Spotlight gave actors Mark Ruffalo, Rachel McAdams, and Michael Keaton the chance to play Boston Globe journalists on the big screen. But one of the film’s co-writers doesn’t think actors should be the ones doing actual journalism.
Specifically, Spotlight co-writer Josh Singer told The Wrap that actor Sean Penn, whose Rolling Stone interview with then-fugitive Mexican drug lord Joaquín Guzmán “El Chapo’’ Loera lead to the kingpin’s capture, should have left the Q&A to a real reporter.
“I wish we didn’t need Sean Penn to interview people and act like a journalist,’’ Singer told The Wrap at the Golden Globes Sunday. “I wish we had more real journalists on the ground doing that work. And sadly, the last 15 years has decimated the newspaper business and decimated reporters.’’
Spotlight, which has been called a frontrunner for most major film awards this year, was completely shut out at the Golden Globes, failing to win any of the three awards it was nominated for. (Luckily for Singer and the rest of the Spotlight crew, the Globes aren’t a great indicator of whether a film will win Academy Awards.)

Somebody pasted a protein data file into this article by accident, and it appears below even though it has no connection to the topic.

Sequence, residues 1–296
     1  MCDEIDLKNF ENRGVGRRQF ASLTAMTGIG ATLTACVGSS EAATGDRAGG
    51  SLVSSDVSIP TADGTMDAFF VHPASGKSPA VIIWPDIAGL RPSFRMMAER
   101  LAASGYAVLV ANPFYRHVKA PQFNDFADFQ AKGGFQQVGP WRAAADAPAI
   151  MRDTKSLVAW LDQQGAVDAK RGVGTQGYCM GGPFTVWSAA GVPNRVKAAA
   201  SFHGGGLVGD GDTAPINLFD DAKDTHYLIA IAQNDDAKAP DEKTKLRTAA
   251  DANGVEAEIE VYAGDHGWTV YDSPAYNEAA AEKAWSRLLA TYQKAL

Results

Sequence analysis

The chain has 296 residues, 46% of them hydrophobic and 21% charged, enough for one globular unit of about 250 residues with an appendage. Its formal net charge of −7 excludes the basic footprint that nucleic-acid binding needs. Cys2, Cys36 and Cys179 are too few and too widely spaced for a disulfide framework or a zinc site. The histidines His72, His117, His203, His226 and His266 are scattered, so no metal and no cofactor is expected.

For Singer, one of the goals of Spotlight was to highlight the significant work journalists do on a daily basis and show that we need more working journalists in America, not fewer.
“We’ve got Sean Penn interviewing people instead of professional journalists and I think that’s an issue,’’ Singer told The Wrap. “He doesn’t know what professional journalism is … One of the things we’re trying to get out of [Spotlight] is how much more of that we need.’’
Who’s who in Spotlight: